US banking business details revealed by Weil trial witness

Raoul Weil, a former top executive at UBS, is accused of helping thousands of US citizens hide money in secret accounts AP
This content was published on October 15, 2014 minutes and agencies

Private business cards, hotel meetings and encrypted hard drives – just some of the details of how UBS dealt with its US clients, according to Hansruedi Schumacher, a witness called to court on Wednesday in the trial of a former UBS top banker, Raoul Weil.

Schumacher, who also has a case pending against him, was head of the bank’s North American business up until 2002. He is giving evidence for the prosecution as Weil, the former head of UBS's wealth-management division, is tried for conspiracy to commit tax fraud.

The court in Florida heard from Schumacher that internally at UBS, US accounts were spoken of in terms of being ‘black or ‘white’. ‘Black’ or ‘simple’ if the money in the account would not have taxes paid on it, and ‘white’ or ‘complex’ for accounts which would have to have the tax documents filled out.

Schumacher told the jury how Swiss banking secrecy worked and how profitable a Swiss account was for US clients, as they could pocket 100% of their stock market gains. In the US, he added, they would have had to give up 30% of the money in taxes.

“Those who want to see Mickey Mouse, go to Disneyland. Those who want secret banking transactions, go to Switzerland," Schumacher said.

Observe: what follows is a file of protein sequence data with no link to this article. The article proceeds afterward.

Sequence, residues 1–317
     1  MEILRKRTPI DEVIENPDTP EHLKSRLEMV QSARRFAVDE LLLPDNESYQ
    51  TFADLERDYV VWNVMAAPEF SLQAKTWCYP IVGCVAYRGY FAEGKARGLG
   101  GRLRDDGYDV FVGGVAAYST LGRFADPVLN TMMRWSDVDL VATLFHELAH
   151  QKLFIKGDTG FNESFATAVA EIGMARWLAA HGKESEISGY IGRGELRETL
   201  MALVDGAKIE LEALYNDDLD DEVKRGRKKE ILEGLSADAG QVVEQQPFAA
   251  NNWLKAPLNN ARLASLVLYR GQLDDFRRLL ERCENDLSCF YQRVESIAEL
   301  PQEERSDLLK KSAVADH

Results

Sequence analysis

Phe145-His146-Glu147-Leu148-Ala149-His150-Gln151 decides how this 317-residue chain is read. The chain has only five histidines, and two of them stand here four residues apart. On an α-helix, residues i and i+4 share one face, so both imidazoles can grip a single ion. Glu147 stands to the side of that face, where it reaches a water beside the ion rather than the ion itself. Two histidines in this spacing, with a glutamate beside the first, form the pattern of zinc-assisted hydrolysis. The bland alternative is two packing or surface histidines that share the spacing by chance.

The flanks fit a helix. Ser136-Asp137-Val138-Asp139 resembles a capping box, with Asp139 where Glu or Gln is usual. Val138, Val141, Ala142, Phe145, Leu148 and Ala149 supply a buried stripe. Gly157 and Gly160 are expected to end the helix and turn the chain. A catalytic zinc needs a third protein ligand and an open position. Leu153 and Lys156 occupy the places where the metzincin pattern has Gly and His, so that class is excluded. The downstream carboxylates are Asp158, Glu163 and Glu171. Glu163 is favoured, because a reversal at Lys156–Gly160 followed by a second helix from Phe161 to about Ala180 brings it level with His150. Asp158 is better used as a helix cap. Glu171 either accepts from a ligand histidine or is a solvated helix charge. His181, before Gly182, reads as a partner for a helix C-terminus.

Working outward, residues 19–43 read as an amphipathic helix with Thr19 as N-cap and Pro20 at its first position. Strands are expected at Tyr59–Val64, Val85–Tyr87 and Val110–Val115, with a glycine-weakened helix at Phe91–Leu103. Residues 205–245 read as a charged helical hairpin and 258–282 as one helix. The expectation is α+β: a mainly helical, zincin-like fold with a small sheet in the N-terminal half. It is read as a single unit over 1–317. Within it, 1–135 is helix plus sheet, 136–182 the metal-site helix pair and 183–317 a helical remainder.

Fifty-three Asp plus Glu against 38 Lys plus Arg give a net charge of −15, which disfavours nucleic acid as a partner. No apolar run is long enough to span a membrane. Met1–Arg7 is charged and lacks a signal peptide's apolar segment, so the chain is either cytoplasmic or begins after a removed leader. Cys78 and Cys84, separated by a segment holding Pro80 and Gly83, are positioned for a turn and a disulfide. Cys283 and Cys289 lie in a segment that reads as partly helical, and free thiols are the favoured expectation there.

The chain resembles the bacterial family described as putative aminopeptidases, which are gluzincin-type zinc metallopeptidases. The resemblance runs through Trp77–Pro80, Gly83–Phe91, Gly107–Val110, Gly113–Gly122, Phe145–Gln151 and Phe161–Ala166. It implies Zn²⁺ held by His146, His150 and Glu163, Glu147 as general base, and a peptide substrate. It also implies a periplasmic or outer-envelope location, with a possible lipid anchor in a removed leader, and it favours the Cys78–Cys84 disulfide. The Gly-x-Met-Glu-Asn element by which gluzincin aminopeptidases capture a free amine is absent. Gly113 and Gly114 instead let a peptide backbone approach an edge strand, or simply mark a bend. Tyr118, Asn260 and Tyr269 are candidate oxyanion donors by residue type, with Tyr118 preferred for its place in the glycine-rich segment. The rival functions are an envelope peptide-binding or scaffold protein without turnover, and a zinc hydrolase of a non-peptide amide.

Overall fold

End of insertion

Preparing for US trips

Weil’s former subordinate described how he and his client advisors conducted business in the US, taking security precautions in advance.

They were given ‘private business cards’ by the bank without the UBS logo or name, he claimed. All that was printed on them was the name of the advisor, their telephone number and home address.

Schumacher said they met clients in hotels and worked on computers with encrypted hard drives.

After being questioned by the federal prosecutor, Schumacher was cross-examined by the defence.

Weil’s lawyers portrayed Schumacher as a part of a small, mischievous group of bankers who broke the bank’s rules and US law in their thirst for financial gain and power.

The case is expected to last three to four weeks. Weil denies wrongdoing.

In compliance with the JTI standards

In compliance with the JTI standards

More: SWI certified by the Journalism Trust Initiative

Contributions under this article have been turned off. You can find an overview of ongoing debates with our journalists here. Please join us!

If you want to start a conversation about a topic raised in this article or want to report factual errors, email us at

Share this story

Change your password

Do you really want to delete your profile?